I occasionally teach courses for other institutions, but my main place of work is a fascinating school called the Scottish Baptist College. Located on the Paisley campus of the University of the West of Scotland, it offers various modes of study (on-site, online, full-time and part-time), and has been supporting people preparing for Christian service for over 125 years. As it seeks to equip people to participate in God’s kingdom through the church and in the wider world, its ministry is primarily focussed on Scotland, but international (online) students are very welcome too.
I have been involved in the field of education for most of my adult life – first as a language teacher, and later as a theologian. Teaching, for me at least, is first and foremost a privilege of participating in the transformation of others – and, inevitably, of myself.
I prefer to work in small institutions, which meant that over the years I’ve taught a whole range of subjects. Sometimes I’ve been cross with myself for saying ‘yes’ to teaching in an area outside of my immediate specialisms, but by the end of the process I’ve always been grateful for that spur to delve into yet another fascinating field of study.
Here, then, is a list of the main areas:
Photo credit: Viljar Roosimaa
I am a Senior Research Fellow and doctoral supervisor at the IBTS – a collaborative centre within the Faculty of Religion and Theology of the Vrije Universiteit Amsterdam. IBTS has a strong communal ethos and doctoral supervision is done in teams. Working together with another supervisor allows for an even more vibrant and enriching process for all involved, and especially for the PhD candidate.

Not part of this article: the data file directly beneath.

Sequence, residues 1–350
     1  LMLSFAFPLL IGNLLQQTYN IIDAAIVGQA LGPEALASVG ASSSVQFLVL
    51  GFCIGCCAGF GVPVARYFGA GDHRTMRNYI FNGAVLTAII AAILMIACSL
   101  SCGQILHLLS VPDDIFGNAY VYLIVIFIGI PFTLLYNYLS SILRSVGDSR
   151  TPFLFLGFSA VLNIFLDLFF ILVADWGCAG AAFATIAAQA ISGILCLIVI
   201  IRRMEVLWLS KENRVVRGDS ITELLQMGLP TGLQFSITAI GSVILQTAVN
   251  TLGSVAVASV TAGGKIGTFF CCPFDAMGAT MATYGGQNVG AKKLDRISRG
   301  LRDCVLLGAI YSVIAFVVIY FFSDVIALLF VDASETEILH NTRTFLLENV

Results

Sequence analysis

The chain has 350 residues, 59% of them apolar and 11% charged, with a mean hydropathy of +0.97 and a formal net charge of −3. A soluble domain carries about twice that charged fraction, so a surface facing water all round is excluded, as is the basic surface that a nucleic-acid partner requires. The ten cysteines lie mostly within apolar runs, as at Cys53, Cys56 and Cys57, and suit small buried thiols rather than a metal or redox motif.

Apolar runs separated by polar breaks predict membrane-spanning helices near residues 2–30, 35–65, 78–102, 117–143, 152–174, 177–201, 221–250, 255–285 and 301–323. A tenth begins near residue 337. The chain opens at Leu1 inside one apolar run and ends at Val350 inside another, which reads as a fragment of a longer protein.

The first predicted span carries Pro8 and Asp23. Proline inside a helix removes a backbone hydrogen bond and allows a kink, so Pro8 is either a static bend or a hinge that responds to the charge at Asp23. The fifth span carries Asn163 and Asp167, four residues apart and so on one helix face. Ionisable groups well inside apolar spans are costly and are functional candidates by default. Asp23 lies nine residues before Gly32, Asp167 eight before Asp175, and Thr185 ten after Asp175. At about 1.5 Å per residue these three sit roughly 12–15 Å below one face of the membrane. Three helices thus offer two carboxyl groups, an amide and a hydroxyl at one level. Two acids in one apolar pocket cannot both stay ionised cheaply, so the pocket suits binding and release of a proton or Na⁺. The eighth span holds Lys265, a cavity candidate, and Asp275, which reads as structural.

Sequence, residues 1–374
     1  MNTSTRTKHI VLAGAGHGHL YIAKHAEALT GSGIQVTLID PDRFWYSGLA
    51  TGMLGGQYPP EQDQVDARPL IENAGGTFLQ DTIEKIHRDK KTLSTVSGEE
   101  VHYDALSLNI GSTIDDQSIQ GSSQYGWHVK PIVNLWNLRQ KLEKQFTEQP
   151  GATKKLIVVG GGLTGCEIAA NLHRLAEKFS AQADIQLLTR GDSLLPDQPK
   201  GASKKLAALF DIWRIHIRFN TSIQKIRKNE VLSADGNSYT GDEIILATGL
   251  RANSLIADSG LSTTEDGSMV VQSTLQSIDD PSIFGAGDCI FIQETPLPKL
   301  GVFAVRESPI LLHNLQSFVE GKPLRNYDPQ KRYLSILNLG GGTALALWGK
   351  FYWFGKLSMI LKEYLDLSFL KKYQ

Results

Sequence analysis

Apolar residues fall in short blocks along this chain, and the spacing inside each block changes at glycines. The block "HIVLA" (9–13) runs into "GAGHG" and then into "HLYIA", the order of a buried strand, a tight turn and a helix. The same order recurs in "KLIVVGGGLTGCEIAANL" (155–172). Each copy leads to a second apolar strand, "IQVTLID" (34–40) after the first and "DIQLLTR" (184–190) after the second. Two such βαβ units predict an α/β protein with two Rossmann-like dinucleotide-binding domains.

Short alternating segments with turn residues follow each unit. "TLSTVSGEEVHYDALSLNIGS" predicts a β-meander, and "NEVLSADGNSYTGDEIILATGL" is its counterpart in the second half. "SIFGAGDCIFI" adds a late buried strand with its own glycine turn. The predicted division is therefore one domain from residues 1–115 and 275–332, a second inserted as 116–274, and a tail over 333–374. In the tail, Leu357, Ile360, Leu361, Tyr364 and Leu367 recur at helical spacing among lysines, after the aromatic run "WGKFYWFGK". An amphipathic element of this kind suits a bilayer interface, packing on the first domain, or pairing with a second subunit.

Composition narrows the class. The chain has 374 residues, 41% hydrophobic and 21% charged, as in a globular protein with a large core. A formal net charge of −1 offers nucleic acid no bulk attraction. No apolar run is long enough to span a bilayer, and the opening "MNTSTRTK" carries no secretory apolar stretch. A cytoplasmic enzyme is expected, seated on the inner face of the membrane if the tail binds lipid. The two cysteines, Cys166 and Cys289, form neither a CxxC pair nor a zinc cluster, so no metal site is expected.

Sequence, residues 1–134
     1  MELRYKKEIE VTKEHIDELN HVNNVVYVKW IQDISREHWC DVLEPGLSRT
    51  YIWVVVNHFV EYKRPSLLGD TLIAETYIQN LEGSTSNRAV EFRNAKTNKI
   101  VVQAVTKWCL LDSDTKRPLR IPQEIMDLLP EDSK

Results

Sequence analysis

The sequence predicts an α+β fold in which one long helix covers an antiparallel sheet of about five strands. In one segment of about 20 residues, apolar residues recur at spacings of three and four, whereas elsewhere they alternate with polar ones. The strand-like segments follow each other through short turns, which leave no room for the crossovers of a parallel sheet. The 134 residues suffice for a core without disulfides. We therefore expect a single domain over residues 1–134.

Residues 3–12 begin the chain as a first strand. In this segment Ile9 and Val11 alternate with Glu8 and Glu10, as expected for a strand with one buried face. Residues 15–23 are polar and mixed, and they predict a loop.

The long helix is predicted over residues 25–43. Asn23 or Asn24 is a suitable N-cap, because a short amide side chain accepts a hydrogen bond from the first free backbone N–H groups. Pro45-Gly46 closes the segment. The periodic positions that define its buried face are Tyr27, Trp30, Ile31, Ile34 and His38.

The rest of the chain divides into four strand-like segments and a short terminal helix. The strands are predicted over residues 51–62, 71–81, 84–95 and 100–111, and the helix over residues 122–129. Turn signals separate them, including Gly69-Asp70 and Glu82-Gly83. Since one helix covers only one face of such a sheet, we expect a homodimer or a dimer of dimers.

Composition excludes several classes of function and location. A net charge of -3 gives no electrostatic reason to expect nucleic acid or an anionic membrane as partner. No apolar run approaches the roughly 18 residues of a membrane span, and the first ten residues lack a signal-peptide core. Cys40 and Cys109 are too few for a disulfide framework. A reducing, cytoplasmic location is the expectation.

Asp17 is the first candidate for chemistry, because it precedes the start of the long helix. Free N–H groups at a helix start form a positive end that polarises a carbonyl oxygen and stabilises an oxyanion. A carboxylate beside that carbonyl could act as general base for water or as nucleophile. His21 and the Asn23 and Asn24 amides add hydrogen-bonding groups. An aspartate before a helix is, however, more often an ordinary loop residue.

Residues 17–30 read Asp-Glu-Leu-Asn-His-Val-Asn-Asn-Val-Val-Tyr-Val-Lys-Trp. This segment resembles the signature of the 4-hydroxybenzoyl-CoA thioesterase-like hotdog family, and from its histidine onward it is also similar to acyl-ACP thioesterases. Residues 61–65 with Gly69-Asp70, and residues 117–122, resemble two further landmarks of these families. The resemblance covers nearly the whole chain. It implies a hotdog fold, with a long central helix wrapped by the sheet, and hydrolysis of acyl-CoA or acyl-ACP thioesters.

Doing a PhD is a long journey – often longer, more transformative and more challenging than a doctoral student envisions at the start of their studies! My role as a supervisor is to accompany them in this journey: to offer advice and feedback, to help them to keep going, and, perhaps most importantly, to listen to them really attentively so that I can help them discern what would be at the heart of their project. This is especially important in the early stages of the doctoral journey, when a student is juggling and wrestling with too many ideas and questions, but it can play a key role later on, too, as their work develops and matures. Needless to say, I learn a lot from and with each of my PhD students.
Completed PhD projects:
Current PhD projects: